# Emmas dilemma.

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Introduction

Emma’s Dilemma

Arrangements for EMMA:

EMMA EMAM EAMM MMAE

MMEA MEAM MEMA MAME

MAEM AMME AMEM AEMM

Arrangements for MIKE

MIKE MIEK MKEI MKIE

MEIK MEKI IKEM IKME

IEMK IEKM IMEK IMKE

KEMI KEIM KIME KIEM

KMEI KMIE EMIK EMKI

EKMI EKIM EIMK EIKM

If I choose a word where all of the letters are different there will be more combinations.

There were 24 different possibilities in the arrangement of 4 letters that are all different. That is twice as many as EMMA, which has four letters and 2 the same. I have noticed that with MIKE there were 6 possibilities beginning with each different letter. For instance there are 6 arrangements with MIKE beginning with M, and 6 beginning with I and so on. 6 X 4 (the amount of letters) gives 24, the number 6 may have come from 1 x 2 x 3, the number of letters, and multiplied by four because that is how many numbers there are all together.

The difference between how many combinations of the names EMMA and MIKE is the double M in EMMA. There are 24 possible combinations for MIKE and 12 for EMMA.

I will now investigate further words with all letters different.

I will now test a word with 3 letters:

DOG OGD GDO

DGO ODG GOD

There are 6 possible combinations, 2 for each letter.

Now I will investigate a 2 letter word.

IT TI

There are two possible arrangements, one for each letter.

Middle

YIEMK YIEKM YIMEK YIMKE

YKEMI YKEIM YKIME YKIEM

YKMEI YKMIE YEMIK YEMKI

YEKMI YEKIM YEIMK YEIKM

This proves my prediction is correct, as there are 24 arrangements that can be made from a four letter word, when this is multiplied by 5 I have the total number of arrangements made from a 5 letter word.

These is the arrangements for MIKE but with a letter ‘Y’ in front of them, therefore the ‘Y’ can move into five different positions throughout the word, therefore that is why we multiply 24 by 5.

I will now investigate more words with one set of repeated letters:

AA:

AA, only one combination, this is half as many as a normal 2 lettered word.

EGG:

EGG GEG GGE

There are 3 possible combinations; this is half as many as a normal 3 lettered word, such as DOG. This is because of the double letter.

I will now put this data into a table so it is easier to see al of the information.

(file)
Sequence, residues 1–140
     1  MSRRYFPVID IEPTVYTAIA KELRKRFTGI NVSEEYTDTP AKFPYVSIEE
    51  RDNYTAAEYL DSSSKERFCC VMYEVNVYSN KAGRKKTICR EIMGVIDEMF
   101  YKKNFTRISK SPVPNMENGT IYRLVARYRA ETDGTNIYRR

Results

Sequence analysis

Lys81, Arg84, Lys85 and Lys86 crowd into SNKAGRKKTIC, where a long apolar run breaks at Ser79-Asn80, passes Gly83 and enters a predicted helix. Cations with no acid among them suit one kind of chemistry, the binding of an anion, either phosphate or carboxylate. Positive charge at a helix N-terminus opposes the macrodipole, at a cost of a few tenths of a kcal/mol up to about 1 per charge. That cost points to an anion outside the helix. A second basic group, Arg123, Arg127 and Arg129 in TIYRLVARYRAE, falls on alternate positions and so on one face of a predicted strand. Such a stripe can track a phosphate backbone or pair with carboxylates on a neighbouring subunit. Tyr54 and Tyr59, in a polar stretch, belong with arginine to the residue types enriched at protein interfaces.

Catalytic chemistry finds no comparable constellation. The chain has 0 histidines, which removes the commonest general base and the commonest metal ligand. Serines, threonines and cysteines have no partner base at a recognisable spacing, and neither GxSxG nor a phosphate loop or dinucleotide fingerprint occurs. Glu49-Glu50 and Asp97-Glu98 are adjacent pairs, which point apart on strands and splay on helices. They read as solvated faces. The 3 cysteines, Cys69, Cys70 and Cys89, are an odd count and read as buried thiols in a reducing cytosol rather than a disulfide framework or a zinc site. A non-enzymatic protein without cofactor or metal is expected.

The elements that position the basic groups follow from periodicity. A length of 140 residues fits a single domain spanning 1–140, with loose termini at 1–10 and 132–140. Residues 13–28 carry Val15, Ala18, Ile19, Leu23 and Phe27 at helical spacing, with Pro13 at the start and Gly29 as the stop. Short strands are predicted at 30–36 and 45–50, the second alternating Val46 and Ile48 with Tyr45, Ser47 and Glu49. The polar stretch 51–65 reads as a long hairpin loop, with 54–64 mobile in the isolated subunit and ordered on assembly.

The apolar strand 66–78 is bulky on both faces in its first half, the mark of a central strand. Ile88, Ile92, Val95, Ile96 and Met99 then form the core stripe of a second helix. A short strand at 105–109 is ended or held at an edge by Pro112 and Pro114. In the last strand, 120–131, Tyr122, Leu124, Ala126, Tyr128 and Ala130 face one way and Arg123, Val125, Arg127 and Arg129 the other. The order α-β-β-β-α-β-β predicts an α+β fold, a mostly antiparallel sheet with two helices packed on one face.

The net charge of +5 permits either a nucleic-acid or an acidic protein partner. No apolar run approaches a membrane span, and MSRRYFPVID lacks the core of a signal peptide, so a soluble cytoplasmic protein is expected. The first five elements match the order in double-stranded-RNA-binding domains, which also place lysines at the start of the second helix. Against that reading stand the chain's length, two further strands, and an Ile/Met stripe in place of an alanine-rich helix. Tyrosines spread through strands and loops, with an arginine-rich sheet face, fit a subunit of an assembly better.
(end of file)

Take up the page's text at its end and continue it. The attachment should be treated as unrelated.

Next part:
Number of letters | Arrangements when all letters are different | Arrangements with one set of repeated letters |

1 | 1 | - |

2 | 2 | 1 |

3 | 6 | 3 |

4 | 24 | 12 |

From this table I can see that a word with one set of repeats has half as many, or is divided by two, arrangements as a word with the same number of letters and no repeats.

Conclusion

1 x 2 x 3 x 4 or 4!

1 x 2 2!

A word with 5 letters and 3 repeated letters:

1 x 2 x 3 x 4 x 5 or 5!

1 x 2 x 3 3!

I now know that a word with:

n letters and 2 repeated letters:

n!

2!

n letters and 3 repeats:

n!

3!

n letters and 4 repeats:

n!

4!

n letters and 5 repeats:

n!

5!

Therefore with n letters and x repeats:

1 x 2 x 3 … n or n!

1 x 2 x 3… x x!

Now I will explain what happens when two sets of letters are repeated twice.

AABB - 24 possible combinations

The formula for AABB is 4! / 2! x 2! = 6 possible combinations.

To make it easier instead of using letters as such I will use a’s (any letter) and b’s (any other letter). I will start with AABBB:

AABBB – 120 combinations

This is because the formula is 5!

2!3!

n = the number of letters in the word.

a,b,c,d….x = the number of times a single letter is repeated.

So another version of this formula is

(a + b + c + … x)!

Because of this formula I can improve the formula for my original words:

MIKE changes from 4! to 4!

1!1!1!1!

And EMMA changes from 4! to 4!

2! 2!1!1!

Because I must show that there are numbers there, but because 1! equals one it has no effect on the answer to the problem.

I will now finish my investigation with a long word with many repeated letters, MISSISSIPPI:

11! Because of the number of letters in the word

2!4!4!1!

There are 19958500 combinations

for the word MISSISSIPPI

- -

This student written piece of work is one of many that can be found in our GCSE Emma's Dilemma section.

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